One friend gave us a bottle of wine and explained that it was for us to drink on our first anniversary, and another explained that the bottle was true champagne and was a very “special” bottle. Both of those are kind, polite ways of helping clue in us, as the recipients as to their intended purpose (i.e., not weeknight after-work with chili kind of bottles)
          Other friends gave us (less expensive) bottles of wine from wineries they know we like (we live near wine country) That was very thoughtful and much appreciated.

          • http://cuvikingadventures.blogspot.ca/ Jenny/Adventures Along the Way

            I like the “for your anniversary” idea!

    • http://thevanillabride.blogspot.com/ Sonarisa

      Yes yes yes! I hated registering. Like- REALLY HATED IT. I hated asking others to buy us things, and felt like I was being greedy or awful. Then my very smart fiance asked me how I felt about registries when I am a guest. Since we’re trying to make our guests comfortable, giving them an idea of what we would like/ what we already have seems like a natural extension.

      For a lot of my family, this was important. They really like knowing that their gift will be used, and I’m excited because most of the things we registered for will be used at least once a week- which means that we’ll be surrounded by things that remind us of the people we love.

    • http://www.thehousealwayswinsblog.com/ Rachel Wilkerson

      We haven’t registered yet. People have been asking. I…don’t know what to do.

      • js

        I’m curious what your concerns are, surrounding registering? Also, I’m not telling you what to do but think you made some very good pro-registry points.

        • http://www.thehousealwayswinsblog.com/ Rachel Wilkerson

          So, I like the idea of meaningful wedding gifts…and to me, that’s things you can use for a long time and that feel sort of special, that you’ll love for several years. (It’s kind of the idea of “building the barn” that Meg has talked about.) That’s what I tend to give. So we have all of our home stuff already but what I really would love to register for is…china. And a Dutch oven. Two things that I know we’d use and love forever, but are probably the fastest way to get people pissed off and think “Really, you registered for JUST THAT?” (Except maybe silver.)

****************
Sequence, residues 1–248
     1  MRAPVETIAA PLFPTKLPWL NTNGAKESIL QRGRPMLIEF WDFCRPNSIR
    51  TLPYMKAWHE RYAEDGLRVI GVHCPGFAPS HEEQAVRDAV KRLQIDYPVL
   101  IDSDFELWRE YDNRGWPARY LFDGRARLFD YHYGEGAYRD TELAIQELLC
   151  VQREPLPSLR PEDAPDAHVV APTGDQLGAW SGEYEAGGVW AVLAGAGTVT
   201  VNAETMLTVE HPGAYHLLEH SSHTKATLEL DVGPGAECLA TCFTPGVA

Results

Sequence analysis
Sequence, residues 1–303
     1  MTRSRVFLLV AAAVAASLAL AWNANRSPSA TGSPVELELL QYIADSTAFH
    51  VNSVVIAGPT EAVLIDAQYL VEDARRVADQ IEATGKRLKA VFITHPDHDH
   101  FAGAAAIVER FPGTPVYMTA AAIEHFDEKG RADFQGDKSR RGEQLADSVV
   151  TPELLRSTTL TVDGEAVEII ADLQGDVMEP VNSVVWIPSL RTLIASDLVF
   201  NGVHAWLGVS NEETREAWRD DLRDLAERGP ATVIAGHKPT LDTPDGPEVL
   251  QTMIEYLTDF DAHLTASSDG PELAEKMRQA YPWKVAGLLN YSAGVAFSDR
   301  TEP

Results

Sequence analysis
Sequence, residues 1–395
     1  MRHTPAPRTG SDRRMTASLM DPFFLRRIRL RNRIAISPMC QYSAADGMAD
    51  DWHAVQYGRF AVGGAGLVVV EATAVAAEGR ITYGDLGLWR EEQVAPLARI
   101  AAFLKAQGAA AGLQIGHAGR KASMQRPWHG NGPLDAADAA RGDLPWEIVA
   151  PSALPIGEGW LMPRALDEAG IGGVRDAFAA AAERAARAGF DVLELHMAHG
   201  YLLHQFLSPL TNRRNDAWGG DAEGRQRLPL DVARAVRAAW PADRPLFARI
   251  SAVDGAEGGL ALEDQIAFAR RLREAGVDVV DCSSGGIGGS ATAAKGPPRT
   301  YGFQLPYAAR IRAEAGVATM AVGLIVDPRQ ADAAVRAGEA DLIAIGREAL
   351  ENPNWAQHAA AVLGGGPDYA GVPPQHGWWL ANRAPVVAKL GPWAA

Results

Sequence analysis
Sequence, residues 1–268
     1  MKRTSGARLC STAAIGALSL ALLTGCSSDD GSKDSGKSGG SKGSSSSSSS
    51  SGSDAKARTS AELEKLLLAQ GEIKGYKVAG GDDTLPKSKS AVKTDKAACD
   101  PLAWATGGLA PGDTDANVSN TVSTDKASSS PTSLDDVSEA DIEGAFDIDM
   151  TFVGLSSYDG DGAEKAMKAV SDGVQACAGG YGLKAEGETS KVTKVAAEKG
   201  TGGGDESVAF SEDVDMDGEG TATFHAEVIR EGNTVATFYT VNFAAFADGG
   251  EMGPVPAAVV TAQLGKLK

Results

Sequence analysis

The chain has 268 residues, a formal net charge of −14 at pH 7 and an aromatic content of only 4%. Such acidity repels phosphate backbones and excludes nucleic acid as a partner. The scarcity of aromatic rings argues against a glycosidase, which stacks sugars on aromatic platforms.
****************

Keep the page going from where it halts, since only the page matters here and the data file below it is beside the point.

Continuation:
But the thing is, I genuinely don’t expect anyone to give us gifts and I don’t care if they don’t. (Seriously!!) If they want to give us some cheap and funny mugs, or a cool vintage serving bowl (seriously, can I just register for ALL THE JADEITE?), or a locally-made cutting board, I would LOVE that. But I guess my thought is if they ARE going to use the registry or if they WANT to, I’d rather someone gave us, like, one $10 dish from our china set (which I know we’ll use and keep forever) rather than a few spatulas that would wear out within a few years, and that we don’t even need.

          So I guess for me personally, the things that I find meaningful/special aren’t necessarily expensive, but they are kind of not for everyday use, or they aren’t at Bed Bath & Beyond, or they just come across as really luxe even if they aren’t particularly expensive, and I worry that taken at face value, it will be really off-putting.

          For his part, Eric really wanted to register at Lowe’s, which I totally was into…but they don’t do a gift registry.

          • Lucy

            i also felt really ambivalent about registering. However, it is important to my family and my parents’ friends. But one way I solved the problem of not wanting just Bed Bath & Beyond things (i.e. things from Etsy or other handmade sellers) was to use a combined registry. The two I looked at were MyRegistry.com and Thankful Registry. Both let you add anything from the internet, just like Pinterest! It can be a little bit less intuitive to purchase but I loved being able to build something that more reflected my taste and my buying style (i.e. not just brands from big box).

          • Amber Finkelstein

            My sister used My Registry – mostly because Tractor Supply Company doesn’t do a gift registry either. Opa Joe ended up bringing a salt lick for the sheep to the wedding – it was awesome and hilarious opening the presents. :)

          • http://www.thehousealwayswinsblog.com/ Rachel Wilkerson

            Good to know, thank you!

          • js